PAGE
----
15. Apparatus for in situ monitoring biological activity in a fluid treatment process comprising:
a fluid sample chamber immersed in a fluid supply undergoing treatment, said sample chamber having an opening to permit ingress and egress of fluid;
a cover positioned to move toward and away from said opening;
a fluid agitator positioned with the sample chamber;
a dissolved oxygen probe having a detection end positioned interiorly of the sample chamber;
a dissolved oxygen analyzer connected to said probe; and
a controller connected to said analyzer and said cover to introduce and remove samples from said sample chamber at selected time intervals.
16. The apparatus defined in claim 15 further comprising:
a radiation source positioned relative to said chamber to irradiate fluid in said chamber with radiation of a selected wavelength;
a detector positioned relative to fluid in said chamber to detect changes in fluorescence emitted by NADH in microorganisms within fluid in said chamber in response to said radiation;
an NADH analyzer connected to said detector and said controller.
17. Apparatus for in situ monitoring and controlling biological activity in a wastewater treatment process comprising:
a wastewater sample container submerged in a wastewater supply undergoing treatment, said sample container having a wastewater opening;
a cover positioned to open and close said opening;
a wastewater distributor located within the sample container;
a probe having a detection end positioned interiorly of the sample container;
a biological activity analyzer connected to said probe; and
a process controller connected to 1) said analyzer and said cover to introduce and remove samples from said container at selected time intervals and 2) one or more process parameter controllers.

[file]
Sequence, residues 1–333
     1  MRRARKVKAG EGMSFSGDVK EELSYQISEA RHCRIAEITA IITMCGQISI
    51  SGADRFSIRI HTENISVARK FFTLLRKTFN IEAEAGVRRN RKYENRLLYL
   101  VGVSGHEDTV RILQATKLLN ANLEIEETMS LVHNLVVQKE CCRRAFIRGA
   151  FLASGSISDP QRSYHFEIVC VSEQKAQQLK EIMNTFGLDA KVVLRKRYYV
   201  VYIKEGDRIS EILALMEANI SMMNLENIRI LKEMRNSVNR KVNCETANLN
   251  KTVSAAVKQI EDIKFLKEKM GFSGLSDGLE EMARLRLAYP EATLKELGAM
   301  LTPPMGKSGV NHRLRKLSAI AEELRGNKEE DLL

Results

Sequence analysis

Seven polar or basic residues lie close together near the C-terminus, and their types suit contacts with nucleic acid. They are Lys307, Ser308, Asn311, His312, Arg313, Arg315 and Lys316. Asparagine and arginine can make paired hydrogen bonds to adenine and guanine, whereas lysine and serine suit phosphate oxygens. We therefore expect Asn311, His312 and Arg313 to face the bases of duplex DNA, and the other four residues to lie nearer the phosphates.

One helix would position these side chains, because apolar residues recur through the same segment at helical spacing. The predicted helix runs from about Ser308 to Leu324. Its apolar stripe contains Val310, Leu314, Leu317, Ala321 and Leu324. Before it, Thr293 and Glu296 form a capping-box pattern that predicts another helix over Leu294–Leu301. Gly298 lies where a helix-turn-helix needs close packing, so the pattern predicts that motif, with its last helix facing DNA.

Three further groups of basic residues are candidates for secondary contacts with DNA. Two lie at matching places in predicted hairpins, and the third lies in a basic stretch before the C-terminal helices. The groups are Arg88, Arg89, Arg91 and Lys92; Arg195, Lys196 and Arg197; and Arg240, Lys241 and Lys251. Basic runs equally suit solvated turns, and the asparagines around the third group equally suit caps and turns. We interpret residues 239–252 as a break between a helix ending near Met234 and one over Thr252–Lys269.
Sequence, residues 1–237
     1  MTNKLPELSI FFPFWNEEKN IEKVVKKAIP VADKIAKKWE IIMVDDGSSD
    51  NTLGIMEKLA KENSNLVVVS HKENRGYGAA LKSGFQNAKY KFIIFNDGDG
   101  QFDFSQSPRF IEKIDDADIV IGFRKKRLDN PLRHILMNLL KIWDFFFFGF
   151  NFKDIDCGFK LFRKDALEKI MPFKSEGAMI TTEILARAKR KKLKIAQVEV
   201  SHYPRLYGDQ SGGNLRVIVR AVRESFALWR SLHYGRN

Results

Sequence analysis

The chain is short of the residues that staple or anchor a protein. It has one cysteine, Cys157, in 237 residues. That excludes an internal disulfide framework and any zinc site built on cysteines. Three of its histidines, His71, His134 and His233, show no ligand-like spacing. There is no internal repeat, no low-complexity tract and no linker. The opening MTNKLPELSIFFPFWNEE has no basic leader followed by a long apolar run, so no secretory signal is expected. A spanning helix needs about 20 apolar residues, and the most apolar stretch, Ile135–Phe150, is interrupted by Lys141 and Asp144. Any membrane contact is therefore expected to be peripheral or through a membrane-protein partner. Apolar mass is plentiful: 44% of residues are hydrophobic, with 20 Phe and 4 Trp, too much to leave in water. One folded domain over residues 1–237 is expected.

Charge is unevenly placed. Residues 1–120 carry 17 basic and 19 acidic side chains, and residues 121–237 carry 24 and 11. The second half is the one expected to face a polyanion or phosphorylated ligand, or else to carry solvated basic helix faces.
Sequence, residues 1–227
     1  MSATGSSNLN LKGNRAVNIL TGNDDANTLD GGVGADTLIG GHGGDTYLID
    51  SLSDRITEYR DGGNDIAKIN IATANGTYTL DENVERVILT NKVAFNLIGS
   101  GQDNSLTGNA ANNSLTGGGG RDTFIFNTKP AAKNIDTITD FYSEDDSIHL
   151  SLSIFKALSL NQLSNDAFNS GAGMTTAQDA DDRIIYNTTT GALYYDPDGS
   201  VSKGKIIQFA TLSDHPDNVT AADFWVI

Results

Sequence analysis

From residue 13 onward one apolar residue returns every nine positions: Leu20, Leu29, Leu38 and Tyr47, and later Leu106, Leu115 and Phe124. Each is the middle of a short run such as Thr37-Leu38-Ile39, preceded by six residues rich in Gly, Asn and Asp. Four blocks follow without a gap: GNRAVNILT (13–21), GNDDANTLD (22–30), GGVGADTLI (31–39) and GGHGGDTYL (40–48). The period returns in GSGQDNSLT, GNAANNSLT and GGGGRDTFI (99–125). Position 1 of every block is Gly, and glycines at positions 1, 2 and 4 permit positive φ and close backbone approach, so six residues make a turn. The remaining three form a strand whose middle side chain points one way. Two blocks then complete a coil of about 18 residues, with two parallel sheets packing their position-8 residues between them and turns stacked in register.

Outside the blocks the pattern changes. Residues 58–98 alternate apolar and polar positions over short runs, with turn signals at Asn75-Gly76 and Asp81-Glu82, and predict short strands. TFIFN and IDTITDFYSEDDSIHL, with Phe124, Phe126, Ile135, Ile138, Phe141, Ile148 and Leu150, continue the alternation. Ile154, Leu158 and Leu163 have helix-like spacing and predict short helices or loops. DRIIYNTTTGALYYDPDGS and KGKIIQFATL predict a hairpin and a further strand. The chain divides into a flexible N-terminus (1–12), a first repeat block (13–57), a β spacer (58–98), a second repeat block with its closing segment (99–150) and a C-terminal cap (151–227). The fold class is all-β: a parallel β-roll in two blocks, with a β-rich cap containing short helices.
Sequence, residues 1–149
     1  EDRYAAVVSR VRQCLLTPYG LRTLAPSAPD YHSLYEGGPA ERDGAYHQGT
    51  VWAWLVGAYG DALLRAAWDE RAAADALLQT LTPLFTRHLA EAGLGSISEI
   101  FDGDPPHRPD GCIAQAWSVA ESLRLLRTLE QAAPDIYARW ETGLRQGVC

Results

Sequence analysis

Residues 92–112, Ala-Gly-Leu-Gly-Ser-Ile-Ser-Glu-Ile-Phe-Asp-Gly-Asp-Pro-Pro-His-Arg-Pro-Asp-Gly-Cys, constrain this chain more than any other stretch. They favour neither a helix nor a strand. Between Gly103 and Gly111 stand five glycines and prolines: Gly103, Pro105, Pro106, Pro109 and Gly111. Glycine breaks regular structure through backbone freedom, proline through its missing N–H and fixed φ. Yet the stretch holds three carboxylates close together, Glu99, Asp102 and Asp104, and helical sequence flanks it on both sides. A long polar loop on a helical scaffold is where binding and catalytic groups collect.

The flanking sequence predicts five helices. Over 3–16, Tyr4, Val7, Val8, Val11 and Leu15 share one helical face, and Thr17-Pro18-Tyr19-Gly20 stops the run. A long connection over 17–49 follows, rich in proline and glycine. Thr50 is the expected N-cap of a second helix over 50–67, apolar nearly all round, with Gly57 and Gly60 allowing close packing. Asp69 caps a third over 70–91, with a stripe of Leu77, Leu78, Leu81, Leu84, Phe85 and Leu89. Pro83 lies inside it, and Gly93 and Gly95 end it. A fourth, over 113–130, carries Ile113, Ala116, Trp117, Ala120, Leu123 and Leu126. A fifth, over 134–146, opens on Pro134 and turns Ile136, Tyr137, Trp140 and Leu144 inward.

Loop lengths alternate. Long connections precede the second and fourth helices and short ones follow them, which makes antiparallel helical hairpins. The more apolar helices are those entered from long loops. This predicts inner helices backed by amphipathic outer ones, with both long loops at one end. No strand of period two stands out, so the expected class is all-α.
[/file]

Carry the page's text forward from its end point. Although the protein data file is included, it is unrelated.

18. The apparatus defined in claim 17 wherein said process parameter controllers control parameters selected from the group consisting of rate of input of primary inluent, rate of input of return activated sludge, rate of denitrification recycle, type and quality of microorganisms, number and location of anaerobic, anoxic and aerobic stages, residence times in said anaerobic, anoxic and aerobic stages, nutrient type and introduction rate, air or oxygen purity and introduction rate, pH and temperature.
19. The apparatus defined in claim 18 wherein said probe is a dissolved oxygen detection probe.
20. The apparatus defined in claim 19 wherein said analyzer analyzes dissolved oxygen content of samples in said container.
This is a continuation-in-part of application Ser. No. 08/208,020, filed Mar. 8, 1994 now U.S. Pat. No. 5,466,604 which is a continuation-in-part of application Ser. No. 08/095,123, filed Jul. 20, 1993 now U.S. Pat. No. 5,401,412.
The present invention relates to apparatus and methods for monitoring and controlling biological activity in wastewater and controlling the treatment thereof, and more particularly to apparatus and methods for real time monitoring the quantity of dissolved oxygen in activated sludge used in a wastewater treatment process and using the results of such monitoring to control selected aspects of the treatment process.